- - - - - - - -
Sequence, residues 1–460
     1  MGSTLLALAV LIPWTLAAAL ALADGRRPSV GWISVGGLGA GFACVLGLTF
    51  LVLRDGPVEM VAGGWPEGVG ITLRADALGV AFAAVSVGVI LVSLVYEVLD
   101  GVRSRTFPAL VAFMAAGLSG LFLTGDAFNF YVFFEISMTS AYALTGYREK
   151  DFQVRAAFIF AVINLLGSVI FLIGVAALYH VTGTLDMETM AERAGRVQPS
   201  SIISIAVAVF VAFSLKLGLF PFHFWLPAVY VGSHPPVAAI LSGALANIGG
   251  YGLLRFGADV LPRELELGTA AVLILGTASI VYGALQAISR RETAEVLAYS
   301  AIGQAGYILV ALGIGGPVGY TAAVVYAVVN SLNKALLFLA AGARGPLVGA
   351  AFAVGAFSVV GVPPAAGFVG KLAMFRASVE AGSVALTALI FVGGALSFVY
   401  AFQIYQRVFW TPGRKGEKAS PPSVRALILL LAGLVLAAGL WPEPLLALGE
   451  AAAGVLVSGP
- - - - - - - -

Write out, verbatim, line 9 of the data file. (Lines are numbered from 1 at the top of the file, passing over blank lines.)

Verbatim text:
   351  AFAVGAFSVV GVPPAAGFVG KLAMFRASVE AGSVALTALI FVGGALSFVY